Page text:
Interpol handcuffs PM’s hope of ending automatic anti-Israel majority

Last November, Israel thwarted a Palestinian attempt to become full members of Interpol, the world’s largest international police organization.

“It was a difficult effort, but it produced results,” Prime Minister Benjamin Netanyahu declared happily at the time. “It reflects what I have been telling you is happening, which is a change in Israel’s international standing and an expansion of our ties with different countries.”

The Palestinians will continue trying to attain statehood through international institutions, he warned, but added that he had “no doubt about the general, long-term trend — Israel is bursting onto the global scene, and this will ultimately be reflected in all UN and international bodies.”

Netanyahu has since repeated this message countless times.

“We’re in the midst of a great revolution, a revolution in Israel’s standing among the nations,” he announced at the UN General Assembly earlier this month.

“We have many friends,” he said Monday at a Jewish New Year’s toast for employees in his Jerusalem office.

And yet just three days later, Interpol overwhelmingly supported a resolution immediately making the “State of Palestine” a full member of the organization. (75 countries voted “yes” and 24 countries voted “no,” with 34 abstentions.)

To join the world’s second-largest organization after the UN, the Palestinians needed two-thirds of all votes cast; they received three-quarters.

Jerusalem had vehemently lobbied against admitting Palestine to the organization, arguing that this could result in sensitive information being leaked to Palestinian terror groups. Israel also fears Palestinian efforts via Interpol to mount legal challenges, including travel bans and extradition requests, against Israeli army officers and others for alleged war crimes.

And yet, ignoring Israel’s widely recognized expertise in combatting terrorism, 75.7% of voting countries supported the resolution, which grants the Palestinians access to Interpol’s secure global police communications network, and all the other perks of full-fledged members.

For Israel, this was another bitter diplomatic defeat, reminiscent of 2011, when UNESCO admitted the State of Palestine; or 2012, when Palestine became a non-member state at the UN General Assembly; or 2015, when the Palestinians joined the International Criminal Court.

These are not isolated incidents: each step toward statehood sets another precedent and prepares the ground for the next one.

In order to join Interpol, for instance, a country requesting membership is asked to declare “if it is a member of other intergovernmental organizations and, in particular, if the country is a Member of the United Nations or an Observer State recognized by the United Nations.”

Palestine’s election to Interpol is a particularly painful setback for Netanyahu’s vision of Israel’s ever-improving standing in the world, since it was determined through a secret ballot. Israel is thus unable to claim in this case, as it has after previously lost diplomatic battles, that many countries secretly support Israel but are still unwilling to do so openly.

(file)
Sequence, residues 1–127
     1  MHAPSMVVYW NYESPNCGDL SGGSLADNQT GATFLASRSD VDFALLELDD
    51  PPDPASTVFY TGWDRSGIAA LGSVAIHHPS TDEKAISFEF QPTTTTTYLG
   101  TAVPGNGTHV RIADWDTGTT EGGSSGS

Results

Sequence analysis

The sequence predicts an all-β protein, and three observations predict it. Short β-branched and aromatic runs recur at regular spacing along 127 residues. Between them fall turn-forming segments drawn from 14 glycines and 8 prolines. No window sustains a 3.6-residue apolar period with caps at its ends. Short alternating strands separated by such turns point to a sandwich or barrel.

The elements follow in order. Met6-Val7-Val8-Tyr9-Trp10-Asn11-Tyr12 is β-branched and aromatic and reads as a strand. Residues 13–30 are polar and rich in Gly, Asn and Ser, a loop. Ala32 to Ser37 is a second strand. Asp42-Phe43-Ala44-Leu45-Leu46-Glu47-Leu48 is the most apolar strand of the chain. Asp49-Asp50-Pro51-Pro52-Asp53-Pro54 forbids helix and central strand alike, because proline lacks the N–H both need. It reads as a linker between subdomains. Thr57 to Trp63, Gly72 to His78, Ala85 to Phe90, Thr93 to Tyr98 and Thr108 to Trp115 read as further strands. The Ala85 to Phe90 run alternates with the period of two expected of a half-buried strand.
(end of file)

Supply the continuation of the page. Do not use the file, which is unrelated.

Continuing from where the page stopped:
While nothing will change on the ground as a result of Wednesday’s vote, it provides the Palestinian national aspiration with further international legitimacy. In the eyes of many governments across the globe, Palestinian statehood is inevitable, and they feel they need to vote accordingly in international forums.

The fact that a large majority of Interpol member states ignored Jerusalem’s requests does not contradict Netanyahu’s assertion that Israel is a “rising global power” that has much to offer the world. Indeed, the prime minister knows how to translate Israel’s security and hi-tech prowess into diplomatic capital — relations with Africa, Asia, Latin America and even some European countries have dramatically improved in recent years.

The nations of the world want to do business with Israel, now more than ever. This has the potential to sway countries’ voting patterns in international bodies, and here and there one can see harbingers of change.

But so far, Netanyahu’s strategy of “economic diplomacy” has failed to make a significant dent on the Palestinians’ automatic majority in international bodies. Whether it’s UNESCO, the UN Security Council, the UN Human Rights Council or, now, Interpol, when it comes to the Palestinians’ aspiration for statehood, Israel stands no chance.

The 75 delegates at Interpol’s annual General Assembly in Beijing who voted in favor of Palestine’s membership were probably motivated less by a deep appreciation of Mahmoud Abbas’s Palestinian police, and rather more by their desire to make a statement: the Palestinians deserve a state of their own, they likely reasoned, and therefore we cannot in good conscience vote against them.

More than anything else, Palestine’s admission to Interpol can be understood as the international community telling Netanyahu that the two-state solution remains the only viable blueprint for the future of the Israeli-Palestinian conflict.


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